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Insurance: Tips of the Trade (Part 2 of 2)

Paul Partyka |

CHICAGO — As a self-service laundry owner, “wearing different hats” is part of the game. How much emphasis one puts on the different aspects of the business is a judgment call. However, one can’t dispute the importance of protecting his business.Insurance may not be a “flashy” subject to some owners, but its importance cannot be stressed enough. Are you comfortable with your insurance knowledge? Are some things about your policy confusing, but you don’t ask questions because time is in short supply?Two insurance representatives offer a bit of advice.THREE AREAS OF CONCERNThere are three main areas that most Laundromat owners overlook when purchasing insurance, says Larry Trapani, The Laundromat Success Program. These areas are tenant improvement coverage, workers’ compensation insurance and business-interruption insurance.“If you only protect the washers and dryers, your business could be in serious risk,” Trapani cautions.Tenant improvement coverage. Trapani has known many owners who have made claims without this coverage. “Their businesses were devastated. This is, by far, the most overlooked coverage.“Basically, besides the washers/dryers, you may have a large investment in improving the space you rent. You may install wall covering, concrete platforms for the units, and a new plumbing or electrical system. Basically, anything that you pay for that becomes permanent to the building is considered ‘tenant improvements.’”He has seen some owners add more than $100,000 of improvements to their space.If you buy an existing store and don’t invest in improving the space, “tenant improvements,” in most cases, is not your responsibility — it’s the landlord’s concern, Trapani advises.“Having said that, it is important to check your lease! Most leases don’t hold the tenant responsible, but there are a few out there that do. Either way, it’s best you know before the loss.”Workers’ compensation insurance. As primarily a cash business, many owners succumb to the temptation to pay their workers “off the books,” he says. This can save on taxes, insurance costs and other expenses. The drawback to this is that it is illegal, and in the event of an employee injury, not only would the employer be responsible for paying medical bills and lost wages, but there could be heavy fines by the state insurance department, Trapani says.“I advise all my clients to pay their workers on the books and carry workers’ compensation insurance. Another issue regarding paying workers ‘off the book’ is that many states are cracking down on undocumented workers.” As the undocumented-worker issue grows as a political issue, expect to see more regulating authorities, such as Homeland Security, getting involved, he adds.Business-interruption insurance. This covers continuing expenses, such as loans payable, rent, salaries, etc., if you are shut down after a covered loss, he explains. It also covers any lost profit you would have made if the loss did not occur. “Most standard policies cover business-interruption insurance.”The way most insurance companies settle these claims is to verify expenses and profits by looking at the financial and tax records. The problem usually occurs when the financial records (tax returns) do not accurately reflect “reality,” Trapani notes.“Again, as a cash business, profits and some expenses are sometimes hidden and not shown on any financials. I had a client who paid all his expenses in cash, including rent, and could not substantiate any continuing expenses. Needless to say, the client was not happy with his business-interruption payout.”Most leases require the tenant to pay rent even if a fire makes the space uninhabitable, he adds. “While you may save some money up front [by not having this coverage], you could be out of business for over six months. Not collecting what you should for business-interruption coverage could mean the difference between reopening your Laundromat or not.”When it comes to insurance, there’s the old expression: “Being penny-wise and pound-foolish.” In this case, saving money up front can lead to higher costs in the long run, he says.“Put your workers on the books, carry workers’ compensation insurance and report your income. This will ensure that your business will be safe from fines, uncovered claims, and you will collect if you had a loss.“Let a professional insurance agent who specializes in Laundromats review your insurance, and protect your investment and business when it needs it the most.”If you have any questions or comments about this story, contact Larry Trapani at 888-997-9801, ltrapani@brookswaterburn.com.Click here to read Part 1 of this story.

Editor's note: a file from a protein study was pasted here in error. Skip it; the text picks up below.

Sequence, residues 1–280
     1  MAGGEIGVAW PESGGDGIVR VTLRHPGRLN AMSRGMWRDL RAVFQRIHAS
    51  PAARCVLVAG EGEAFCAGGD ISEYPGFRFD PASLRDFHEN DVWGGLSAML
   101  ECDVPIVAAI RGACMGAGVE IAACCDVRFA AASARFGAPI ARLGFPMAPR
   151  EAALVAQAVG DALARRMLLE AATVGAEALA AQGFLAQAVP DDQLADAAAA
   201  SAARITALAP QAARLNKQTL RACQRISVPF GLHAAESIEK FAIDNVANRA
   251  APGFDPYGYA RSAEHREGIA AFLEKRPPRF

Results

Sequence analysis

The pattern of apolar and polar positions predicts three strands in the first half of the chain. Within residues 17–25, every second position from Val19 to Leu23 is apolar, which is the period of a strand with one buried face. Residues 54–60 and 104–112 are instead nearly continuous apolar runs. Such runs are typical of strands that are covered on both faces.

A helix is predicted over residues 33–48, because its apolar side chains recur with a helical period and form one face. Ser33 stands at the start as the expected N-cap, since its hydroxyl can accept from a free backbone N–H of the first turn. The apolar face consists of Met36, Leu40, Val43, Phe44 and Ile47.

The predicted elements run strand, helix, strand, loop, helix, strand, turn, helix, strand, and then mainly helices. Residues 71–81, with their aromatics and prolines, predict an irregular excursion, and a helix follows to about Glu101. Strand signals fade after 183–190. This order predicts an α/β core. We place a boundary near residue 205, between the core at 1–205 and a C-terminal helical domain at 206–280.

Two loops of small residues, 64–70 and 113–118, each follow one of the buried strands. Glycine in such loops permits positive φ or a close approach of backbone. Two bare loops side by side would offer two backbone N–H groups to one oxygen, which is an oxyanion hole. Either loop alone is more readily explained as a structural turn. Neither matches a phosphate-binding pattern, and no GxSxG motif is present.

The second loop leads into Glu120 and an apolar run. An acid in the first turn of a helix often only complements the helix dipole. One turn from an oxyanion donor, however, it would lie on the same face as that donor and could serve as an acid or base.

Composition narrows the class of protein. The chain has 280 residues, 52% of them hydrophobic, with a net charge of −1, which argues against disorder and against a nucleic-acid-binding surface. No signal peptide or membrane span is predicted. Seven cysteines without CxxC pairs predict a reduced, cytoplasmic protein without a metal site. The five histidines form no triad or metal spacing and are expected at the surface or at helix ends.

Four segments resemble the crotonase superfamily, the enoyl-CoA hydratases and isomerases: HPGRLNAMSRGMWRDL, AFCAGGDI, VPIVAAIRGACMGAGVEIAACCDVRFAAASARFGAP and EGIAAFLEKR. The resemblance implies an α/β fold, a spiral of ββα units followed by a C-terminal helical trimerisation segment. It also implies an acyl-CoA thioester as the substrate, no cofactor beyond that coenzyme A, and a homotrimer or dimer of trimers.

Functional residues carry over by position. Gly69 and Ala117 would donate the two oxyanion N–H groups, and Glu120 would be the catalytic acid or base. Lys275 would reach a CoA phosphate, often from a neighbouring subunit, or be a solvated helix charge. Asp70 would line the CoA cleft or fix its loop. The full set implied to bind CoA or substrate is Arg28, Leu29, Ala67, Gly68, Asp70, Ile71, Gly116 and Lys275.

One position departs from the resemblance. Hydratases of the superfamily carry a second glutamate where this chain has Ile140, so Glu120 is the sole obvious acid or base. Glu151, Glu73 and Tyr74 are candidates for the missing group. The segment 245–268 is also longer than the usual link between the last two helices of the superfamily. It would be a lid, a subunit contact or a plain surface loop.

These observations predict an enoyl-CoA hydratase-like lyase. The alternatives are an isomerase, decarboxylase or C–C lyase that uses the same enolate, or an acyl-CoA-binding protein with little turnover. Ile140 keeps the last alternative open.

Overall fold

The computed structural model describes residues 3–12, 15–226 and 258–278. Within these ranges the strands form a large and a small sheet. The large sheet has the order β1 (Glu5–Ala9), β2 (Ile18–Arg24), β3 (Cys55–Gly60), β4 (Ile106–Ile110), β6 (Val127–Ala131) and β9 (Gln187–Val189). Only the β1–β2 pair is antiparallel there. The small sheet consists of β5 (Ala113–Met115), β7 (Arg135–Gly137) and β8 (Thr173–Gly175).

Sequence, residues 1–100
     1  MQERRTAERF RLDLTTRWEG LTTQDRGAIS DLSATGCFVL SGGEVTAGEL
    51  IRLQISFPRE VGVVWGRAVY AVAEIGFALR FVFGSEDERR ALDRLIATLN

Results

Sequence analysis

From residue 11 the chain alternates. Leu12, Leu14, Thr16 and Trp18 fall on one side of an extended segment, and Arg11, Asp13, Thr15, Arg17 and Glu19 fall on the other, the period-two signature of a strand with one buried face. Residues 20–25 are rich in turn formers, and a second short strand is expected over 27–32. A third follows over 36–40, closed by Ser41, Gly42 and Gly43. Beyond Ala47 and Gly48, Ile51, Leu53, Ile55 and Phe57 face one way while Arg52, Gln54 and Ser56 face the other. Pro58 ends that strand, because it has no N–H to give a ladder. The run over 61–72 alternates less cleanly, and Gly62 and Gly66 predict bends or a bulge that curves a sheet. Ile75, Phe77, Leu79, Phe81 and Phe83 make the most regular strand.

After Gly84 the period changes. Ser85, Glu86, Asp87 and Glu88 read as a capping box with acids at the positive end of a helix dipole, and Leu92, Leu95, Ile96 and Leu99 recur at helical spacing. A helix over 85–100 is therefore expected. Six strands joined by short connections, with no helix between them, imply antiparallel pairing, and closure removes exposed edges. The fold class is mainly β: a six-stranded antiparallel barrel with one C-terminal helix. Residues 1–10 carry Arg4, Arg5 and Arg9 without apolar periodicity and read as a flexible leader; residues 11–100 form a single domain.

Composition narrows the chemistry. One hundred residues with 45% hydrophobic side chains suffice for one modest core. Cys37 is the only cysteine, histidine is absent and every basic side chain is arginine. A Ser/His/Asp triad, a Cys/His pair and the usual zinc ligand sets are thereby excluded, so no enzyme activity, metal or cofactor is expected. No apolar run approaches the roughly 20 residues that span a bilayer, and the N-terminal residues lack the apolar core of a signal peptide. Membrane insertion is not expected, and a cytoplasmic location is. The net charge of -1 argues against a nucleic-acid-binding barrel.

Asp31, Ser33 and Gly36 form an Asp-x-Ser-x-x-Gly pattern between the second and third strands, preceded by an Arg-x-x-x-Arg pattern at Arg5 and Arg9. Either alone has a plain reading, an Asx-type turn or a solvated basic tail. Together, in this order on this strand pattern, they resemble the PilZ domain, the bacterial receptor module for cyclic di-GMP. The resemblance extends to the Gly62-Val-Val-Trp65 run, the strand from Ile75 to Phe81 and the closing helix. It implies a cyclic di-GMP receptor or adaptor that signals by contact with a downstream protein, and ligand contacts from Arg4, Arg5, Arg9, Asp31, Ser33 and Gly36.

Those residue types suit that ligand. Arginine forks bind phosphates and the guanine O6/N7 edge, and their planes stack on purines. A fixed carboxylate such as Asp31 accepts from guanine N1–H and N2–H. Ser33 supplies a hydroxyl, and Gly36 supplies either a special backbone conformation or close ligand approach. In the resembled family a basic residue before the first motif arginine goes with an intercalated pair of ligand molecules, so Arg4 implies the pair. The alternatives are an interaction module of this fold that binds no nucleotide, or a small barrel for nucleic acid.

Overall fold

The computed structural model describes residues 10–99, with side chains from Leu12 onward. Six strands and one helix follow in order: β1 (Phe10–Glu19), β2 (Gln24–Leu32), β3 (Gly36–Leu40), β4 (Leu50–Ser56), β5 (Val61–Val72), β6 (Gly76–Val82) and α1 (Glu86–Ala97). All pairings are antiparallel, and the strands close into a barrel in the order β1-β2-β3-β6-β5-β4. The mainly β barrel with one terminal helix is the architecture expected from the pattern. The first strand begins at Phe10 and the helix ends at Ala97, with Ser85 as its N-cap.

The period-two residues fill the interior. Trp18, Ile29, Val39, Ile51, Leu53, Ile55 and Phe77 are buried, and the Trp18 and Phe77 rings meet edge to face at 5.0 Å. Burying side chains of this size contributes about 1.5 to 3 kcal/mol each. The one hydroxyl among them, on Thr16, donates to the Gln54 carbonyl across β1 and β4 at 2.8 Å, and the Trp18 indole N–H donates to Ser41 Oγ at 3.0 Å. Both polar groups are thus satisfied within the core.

About the author

Paul Partyka

American Coin-Op

Paul Partyka was editor of American Coin-Op from 1997 through May 2011.

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